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Dorian Recordings


The Celtic Shores
Medieval Music from the Atlantic coasts of Europe, Britain, and Ireland


DOR-93248 Cover

In the Middle Ages, the windswept shores of the Atlantic Ocean represented not the periphery but the very heart of European civilization, providing the means by which merchants, sailors, monks, and soldiers shared communication, conquest, scholarship, and trade.   Wine from Spain, wool from Ireland, timber from Scotland, and cloth from Brittany, as well as news of kings, tales of saints, and stories, songs, and tunes were carried by coasting sailors to every shore washed by the Atlantic waves.   In turn, Celtic songs, tunes, religion, and cultural archetypes made landfall all along the western rim of the known world, from the shores of North Africa, up the coasts of Spain and Portugal, across Brittany and Cornwall, into the Irish Sea and onto the Isle of Man, founding the medieval Irish trading cities of Cork, Limerick, and Galway, and as far north as Scotland, the Shetlands, and Scandinavia, and reached perhaps as far west as the pre-Christian mythical land of Tir na N'Og, the mysterious continent thought to lie beyond the sunset.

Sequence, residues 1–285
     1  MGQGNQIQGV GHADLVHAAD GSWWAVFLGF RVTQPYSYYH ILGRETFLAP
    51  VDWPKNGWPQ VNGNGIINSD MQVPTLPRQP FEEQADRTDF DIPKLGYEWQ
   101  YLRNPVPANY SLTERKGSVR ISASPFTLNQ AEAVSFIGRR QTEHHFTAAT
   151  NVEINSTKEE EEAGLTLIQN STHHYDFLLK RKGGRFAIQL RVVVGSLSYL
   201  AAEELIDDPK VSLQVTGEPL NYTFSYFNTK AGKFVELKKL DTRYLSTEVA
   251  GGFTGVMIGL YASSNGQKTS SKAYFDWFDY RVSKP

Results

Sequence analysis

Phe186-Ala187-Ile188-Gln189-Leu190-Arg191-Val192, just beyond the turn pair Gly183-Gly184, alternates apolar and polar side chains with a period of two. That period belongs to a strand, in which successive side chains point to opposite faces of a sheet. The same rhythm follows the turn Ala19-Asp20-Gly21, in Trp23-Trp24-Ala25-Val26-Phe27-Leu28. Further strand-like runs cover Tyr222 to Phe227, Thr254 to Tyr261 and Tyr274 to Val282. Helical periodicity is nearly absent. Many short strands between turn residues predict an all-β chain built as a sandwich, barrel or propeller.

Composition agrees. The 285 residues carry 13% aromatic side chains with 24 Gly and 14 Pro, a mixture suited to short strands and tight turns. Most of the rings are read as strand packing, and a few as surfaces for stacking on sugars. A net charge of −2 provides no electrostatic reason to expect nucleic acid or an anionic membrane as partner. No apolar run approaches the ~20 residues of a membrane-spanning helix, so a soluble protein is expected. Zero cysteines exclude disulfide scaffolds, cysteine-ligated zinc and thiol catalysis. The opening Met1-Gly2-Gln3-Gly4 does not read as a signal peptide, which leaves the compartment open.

- Altramar

1. Fégaid Úaib - copied in the Book of Ballymote (originally 8th c.)

2. Muit' amar devemos - The Cantigas de Santa María (13th c.)

3. The Tides of Galway - Jann Cosart, after Trinity College Dublin MS. 80 (15th c.)

4. En Silvis Caesa - attributed to St Columbanus (6th c.)

5. The Last Voyage of St Brendan - Bodleian MS. Laud 108 (late 13th c.);
    additional texts from The Book of Lismore (early 15th c.)

6. Ondas do mar - Jann Cosart, after Cantigas de Santa María #267 (13th c.)

7. De bone amour et de lëaul amie - Gace Brulé (fl. late 12th c.)

8. Assi pod'a virgen - Cantigas de Santa María #226 (13th c.)

Total Time: 64:43

Dorian Recordings & Dorian Discovery
are distributed in Australia by Rockian Trading